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Hiking Up Mount Beacon

In May of 2014 I went hiking at Mt. Beacon, in Dutchess County, NY with my family. Mount Beacon got its name after the beacon fires used at the summit by the Continental Army as warning signals during the Revolutionary War. Then in the 1920s there was a popular casino and hotel at the top of the mountain, which burned down in a fire.

Trail head with information for the hike.

Mt Beacon trail head information station.

The hike is a moderately hard hike, in my opinion, going through an area of tree line and then ventures up the mountain to the fire tower at the top of the mountain. If you are doing this hike in the summer I strongly recommend to go into the convenience store across the street and buy some ice cream after your hike! When you start off there will be many smaller nature trails branching off of the main trail. But remember you came to hike up a mountain! Do not let those intriguing trails pull you in.

Here is a YouTube video I made about my hike.

Music Credit to me playing the Magic Flute by Mozart on my flute.

The small store across the trail head.

The convenience store across the trail head has yummy sandwiches and ice cream.

Hike Where the (Steep) Incline Railroad Used to Be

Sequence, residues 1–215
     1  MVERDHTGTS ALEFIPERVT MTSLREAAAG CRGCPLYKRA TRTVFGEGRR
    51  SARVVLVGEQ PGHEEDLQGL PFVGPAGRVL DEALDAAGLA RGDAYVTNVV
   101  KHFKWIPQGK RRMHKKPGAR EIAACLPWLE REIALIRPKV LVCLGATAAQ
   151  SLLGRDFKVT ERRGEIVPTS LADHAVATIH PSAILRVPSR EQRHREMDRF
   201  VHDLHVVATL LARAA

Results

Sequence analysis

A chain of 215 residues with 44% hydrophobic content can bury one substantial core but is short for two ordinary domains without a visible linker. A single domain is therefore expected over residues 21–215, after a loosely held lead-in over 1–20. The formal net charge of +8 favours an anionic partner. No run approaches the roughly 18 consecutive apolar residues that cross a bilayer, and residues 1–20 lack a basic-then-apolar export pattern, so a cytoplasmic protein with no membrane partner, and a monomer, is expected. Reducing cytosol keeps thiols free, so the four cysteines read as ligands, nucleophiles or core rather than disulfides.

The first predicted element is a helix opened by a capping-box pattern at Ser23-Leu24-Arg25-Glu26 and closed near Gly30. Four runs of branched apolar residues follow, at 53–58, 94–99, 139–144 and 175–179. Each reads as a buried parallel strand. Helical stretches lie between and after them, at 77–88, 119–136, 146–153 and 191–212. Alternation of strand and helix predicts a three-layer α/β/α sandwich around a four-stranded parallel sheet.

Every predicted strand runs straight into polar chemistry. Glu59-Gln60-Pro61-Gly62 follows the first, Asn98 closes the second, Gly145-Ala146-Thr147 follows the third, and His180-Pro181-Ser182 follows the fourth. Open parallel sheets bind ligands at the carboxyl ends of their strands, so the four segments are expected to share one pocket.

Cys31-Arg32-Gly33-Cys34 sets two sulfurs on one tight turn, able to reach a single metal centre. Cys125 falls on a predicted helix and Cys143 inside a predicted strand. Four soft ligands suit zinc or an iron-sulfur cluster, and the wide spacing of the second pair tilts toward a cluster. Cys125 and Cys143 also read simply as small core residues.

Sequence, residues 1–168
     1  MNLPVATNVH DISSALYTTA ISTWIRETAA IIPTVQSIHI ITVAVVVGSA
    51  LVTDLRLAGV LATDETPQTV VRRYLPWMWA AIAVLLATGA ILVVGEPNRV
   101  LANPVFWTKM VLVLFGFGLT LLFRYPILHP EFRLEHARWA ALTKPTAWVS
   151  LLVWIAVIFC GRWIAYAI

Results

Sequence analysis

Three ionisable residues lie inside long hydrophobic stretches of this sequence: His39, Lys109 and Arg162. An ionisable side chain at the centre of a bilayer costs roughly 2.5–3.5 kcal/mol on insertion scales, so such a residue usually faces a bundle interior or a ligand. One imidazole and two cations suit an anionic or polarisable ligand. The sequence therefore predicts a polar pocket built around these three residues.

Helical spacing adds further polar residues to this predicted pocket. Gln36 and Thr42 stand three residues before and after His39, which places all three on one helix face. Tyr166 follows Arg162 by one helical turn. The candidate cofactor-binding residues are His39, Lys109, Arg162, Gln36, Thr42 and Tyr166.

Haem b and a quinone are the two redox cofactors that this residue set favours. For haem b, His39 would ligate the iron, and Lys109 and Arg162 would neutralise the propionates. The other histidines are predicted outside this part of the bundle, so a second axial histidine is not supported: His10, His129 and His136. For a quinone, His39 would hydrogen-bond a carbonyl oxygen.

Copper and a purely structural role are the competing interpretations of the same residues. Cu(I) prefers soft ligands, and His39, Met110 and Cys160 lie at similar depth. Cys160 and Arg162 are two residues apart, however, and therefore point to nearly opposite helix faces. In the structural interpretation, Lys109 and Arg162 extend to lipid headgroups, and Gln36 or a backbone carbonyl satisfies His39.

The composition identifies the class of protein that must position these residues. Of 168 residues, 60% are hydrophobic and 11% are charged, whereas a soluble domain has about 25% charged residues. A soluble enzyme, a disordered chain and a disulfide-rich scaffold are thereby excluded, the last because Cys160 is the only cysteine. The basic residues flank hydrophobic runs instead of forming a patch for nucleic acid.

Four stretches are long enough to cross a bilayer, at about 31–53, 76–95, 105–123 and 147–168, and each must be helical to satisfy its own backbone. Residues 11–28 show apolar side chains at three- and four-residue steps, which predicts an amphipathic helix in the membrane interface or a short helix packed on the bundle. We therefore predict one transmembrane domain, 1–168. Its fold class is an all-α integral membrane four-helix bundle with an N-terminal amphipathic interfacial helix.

As you keep walking you will come across the old remains of the former incline railroad that went up Mt. Beacon. It is new listed in the National Register of Historic Places. You will come to a staircase that goes up part of the incline railroad’s path. The staircase has over 200 steps so make sure you have enough water! Once you get off of the stairs turn around to see how far you have come; you might be surprised.

Newburgh-Beacon bridge from the trail.

The view of the bridge after the stairs.

Red or Yellow Tail?

As you continue along the trail will soon start to incline. As much as the short cuts are calling you, please don’t take them. We want to preserve the nature for future generations too. You will soon get to a fork in the trail. The one on the right is the Red trail and that trail will take you up to the old transfer station and the fire tower. The trail on the left will take a longer route, it is almost an 8 mile loop, through the mountains and it also eventually arrives at the fire tower. If you want to go to the overlook and fire tower,first, then you go right on to the Red trail and then at the top you can continue on the White trail that will connect to the Yellow trail, which will lead you back to this point. This is the time to make your big decision. No pressure. I went right onto the red trail but don’t worry, I won’t be offended if you go left. No matter what trail you take make sure you look for the markers to guide you.

Red trail markers will lead you up the trail.

Follow the, follow the, follow the Red trail markers.

Mt Beacon trail splits in some places but comes right back together.

There are spots where the train splits but don’t worry, it will come back together very shortly.

Off to the Mt. Beacon Lookout

The trail continues to climb up the mountain and as you near the old transfer station you will start climbing up big slabs of rocks.  The trail becomes narrower and splits. If you go to the right it will take you to the Mt. Beacon Lookout. If you turn right you will continue to the fire tower and bypass the lookout.